The Spitfire Grill

* * 1/2*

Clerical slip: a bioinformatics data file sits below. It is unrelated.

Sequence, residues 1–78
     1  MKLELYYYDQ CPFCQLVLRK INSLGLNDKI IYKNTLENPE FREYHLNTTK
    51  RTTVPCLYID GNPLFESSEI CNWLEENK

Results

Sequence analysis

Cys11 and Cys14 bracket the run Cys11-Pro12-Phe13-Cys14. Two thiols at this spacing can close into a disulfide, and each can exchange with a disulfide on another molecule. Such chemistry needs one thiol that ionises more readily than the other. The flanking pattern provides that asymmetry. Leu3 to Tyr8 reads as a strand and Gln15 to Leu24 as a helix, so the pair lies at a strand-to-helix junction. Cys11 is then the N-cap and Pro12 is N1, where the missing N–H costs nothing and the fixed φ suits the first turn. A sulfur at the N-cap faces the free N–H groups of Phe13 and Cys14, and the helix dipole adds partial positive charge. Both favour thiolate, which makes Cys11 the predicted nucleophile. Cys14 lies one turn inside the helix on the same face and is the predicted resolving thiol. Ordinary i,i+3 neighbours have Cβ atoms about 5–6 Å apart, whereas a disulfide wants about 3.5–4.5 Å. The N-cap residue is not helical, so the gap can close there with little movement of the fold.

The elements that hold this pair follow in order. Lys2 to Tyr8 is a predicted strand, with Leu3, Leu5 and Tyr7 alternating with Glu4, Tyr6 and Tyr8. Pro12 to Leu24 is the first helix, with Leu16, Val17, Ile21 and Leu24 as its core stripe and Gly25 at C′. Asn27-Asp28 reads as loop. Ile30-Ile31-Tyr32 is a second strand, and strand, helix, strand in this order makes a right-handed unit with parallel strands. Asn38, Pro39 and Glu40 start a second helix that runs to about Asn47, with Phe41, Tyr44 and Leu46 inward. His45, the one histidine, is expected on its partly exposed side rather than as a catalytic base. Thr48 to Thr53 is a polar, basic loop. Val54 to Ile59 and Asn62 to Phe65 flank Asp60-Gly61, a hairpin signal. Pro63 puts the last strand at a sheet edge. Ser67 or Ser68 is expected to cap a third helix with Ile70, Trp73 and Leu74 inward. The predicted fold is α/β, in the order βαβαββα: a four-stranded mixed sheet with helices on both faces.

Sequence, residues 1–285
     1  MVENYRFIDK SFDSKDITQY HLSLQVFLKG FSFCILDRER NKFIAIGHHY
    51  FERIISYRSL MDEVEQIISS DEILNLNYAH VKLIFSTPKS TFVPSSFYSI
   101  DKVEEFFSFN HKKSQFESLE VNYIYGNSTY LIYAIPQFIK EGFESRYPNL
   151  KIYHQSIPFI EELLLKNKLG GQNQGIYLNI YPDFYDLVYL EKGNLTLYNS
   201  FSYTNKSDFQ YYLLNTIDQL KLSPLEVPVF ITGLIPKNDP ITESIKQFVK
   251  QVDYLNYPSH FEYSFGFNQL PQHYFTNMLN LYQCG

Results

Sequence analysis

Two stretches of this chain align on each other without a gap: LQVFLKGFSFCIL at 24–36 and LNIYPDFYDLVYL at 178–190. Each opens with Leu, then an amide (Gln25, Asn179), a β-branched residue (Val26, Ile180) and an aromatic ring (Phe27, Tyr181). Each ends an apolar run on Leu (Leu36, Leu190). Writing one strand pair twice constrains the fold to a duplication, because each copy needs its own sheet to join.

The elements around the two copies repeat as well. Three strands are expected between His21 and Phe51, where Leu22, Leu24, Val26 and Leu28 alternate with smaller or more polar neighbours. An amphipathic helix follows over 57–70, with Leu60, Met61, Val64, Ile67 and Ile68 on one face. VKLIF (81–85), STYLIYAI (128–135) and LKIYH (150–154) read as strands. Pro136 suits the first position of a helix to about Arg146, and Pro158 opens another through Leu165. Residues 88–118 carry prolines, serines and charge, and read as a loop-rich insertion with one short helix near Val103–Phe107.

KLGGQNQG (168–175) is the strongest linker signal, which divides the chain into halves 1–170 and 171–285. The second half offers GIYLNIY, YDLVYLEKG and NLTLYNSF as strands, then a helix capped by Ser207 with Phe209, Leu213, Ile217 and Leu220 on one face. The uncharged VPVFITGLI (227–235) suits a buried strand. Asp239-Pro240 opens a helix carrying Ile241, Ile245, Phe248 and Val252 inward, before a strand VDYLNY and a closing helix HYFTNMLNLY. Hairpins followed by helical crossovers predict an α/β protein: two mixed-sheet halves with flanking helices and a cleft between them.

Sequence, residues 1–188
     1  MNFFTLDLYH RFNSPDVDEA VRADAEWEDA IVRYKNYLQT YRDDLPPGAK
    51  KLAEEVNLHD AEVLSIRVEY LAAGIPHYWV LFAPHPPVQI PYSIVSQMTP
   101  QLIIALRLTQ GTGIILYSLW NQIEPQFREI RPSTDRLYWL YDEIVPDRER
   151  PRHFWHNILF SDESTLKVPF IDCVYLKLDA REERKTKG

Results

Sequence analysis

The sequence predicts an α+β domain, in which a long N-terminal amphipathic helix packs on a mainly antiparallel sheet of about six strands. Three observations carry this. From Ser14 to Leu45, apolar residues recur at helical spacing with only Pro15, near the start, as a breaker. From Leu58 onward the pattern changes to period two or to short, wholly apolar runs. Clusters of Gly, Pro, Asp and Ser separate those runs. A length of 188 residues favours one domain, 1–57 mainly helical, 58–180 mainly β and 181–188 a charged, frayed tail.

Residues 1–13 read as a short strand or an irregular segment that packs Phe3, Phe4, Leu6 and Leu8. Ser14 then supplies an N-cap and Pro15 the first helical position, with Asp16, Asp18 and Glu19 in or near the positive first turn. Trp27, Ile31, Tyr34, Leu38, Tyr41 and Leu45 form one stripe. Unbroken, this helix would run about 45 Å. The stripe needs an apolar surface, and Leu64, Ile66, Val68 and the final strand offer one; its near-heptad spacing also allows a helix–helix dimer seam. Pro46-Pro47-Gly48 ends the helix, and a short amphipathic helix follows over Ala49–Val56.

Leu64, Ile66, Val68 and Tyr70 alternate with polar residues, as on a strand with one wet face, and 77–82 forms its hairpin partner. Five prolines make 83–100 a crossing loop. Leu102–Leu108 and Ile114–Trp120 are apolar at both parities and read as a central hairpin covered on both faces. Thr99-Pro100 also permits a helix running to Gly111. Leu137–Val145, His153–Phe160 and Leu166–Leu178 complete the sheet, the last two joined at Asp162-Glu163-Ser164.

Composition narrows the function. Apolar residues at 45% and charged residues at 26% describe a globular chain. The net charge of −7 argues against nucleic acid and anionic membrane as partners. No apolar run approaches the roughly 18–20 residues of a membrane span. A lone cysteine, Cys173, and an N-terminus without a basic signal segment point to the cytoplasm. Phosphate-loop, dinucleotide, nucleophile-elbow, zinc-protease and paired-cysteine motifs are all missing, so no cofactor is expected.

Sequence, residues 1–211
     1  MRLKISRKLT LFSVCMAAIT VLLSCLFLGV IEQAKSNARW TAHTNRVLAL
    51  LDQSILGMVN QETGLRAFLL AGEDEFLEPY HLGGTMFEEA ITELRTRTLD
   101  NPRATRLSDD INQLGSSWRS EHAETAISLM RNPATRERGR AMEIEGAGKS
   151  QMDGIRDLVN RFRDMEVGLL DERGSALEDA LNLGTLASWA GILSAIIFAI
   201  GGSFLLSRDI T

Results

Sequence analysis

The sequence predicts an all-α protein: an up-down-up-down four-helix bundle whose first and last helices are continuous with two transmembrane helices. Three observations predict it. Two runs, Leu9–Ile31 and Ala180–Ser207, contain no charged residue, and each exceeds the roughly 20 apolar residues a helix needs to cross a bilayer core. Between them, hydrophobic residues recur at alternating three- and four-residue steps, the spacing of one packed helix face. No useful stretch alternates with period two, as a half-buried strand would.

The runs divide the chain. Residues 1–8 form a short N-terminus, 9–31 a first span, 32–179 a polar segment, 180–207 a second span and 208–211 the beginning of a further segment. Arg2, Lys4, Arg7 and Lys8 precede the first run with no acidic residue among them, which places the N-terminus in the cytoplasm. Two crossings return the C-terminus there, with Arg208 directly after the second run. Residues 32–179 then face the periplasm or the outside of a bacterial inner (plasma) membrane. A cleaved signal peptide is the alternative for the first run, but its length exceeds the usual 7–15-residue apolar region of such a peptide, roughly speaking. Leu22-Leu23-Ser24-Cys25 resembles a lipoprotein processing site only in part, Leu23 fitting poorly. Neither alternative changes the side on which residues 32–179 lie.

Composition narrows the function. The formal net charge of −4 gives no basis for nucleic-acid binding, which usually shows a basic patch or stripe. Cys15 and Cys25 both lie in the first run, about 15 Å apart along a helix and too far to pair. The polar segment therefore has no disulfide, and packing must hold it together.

The Spitfire Grill is a thoroughly sappy and manipulative drama, but it manages to be moving nonetheless. Alison Elliott stars as Percy Talbott, a young ex-con who travels to small town Gilead, Maine, to start a new life. The local sheriff hooks her up with Hannah Ferguson (Ellen Burstyn), the crusty old owner of The Spitfire Grill, a local diner. Percy helps to run the diner in exchange for room and board. However, the whole town (in the traditionally nosy manner) is curious about Percy's past...particularly Hannah's suspicious nephew, Nahum (Will Patton), who thinks the worst of Hannah's new helper. Nahum's wife, Shelby (Marcia Gay Harden), thinks otherwise, and quickly becomes Percy's good friend. The rest of the film deals with Percy coming to terms with her own crimes, and the town's reaction to her. Naturally, as one expects, Hannah's crusty exterior melts halfway in, and she accepts Percy. She even entertains Percy's idea of raffling off the hard-to-sell Spitfire Grill with an essay contest. After seeing this film, I was struck by how overly manipulative it was. All of its plot twists are incredibly obvious, and it throws nearly every trick in the book at you to tweak your emotions. The even more amazing thing is that it works, for which I credit the trio of strong center performances. Alison Elliott makes an impressive debut as the angelic Percy, struggling to get a second chance. Ellen Burstyn is grizzled and catankerous, but never descends into hammy action. Marcia Gay Harden is subdued in her role as the repressed wife, but also turns in a fine performance. Their seemingly effortless job of acting draw you into the story, and all obvious contrivances aside, you go along with it. You may feel ashamed for being so blatantly manipulated afterwards, but never while you're watching it.

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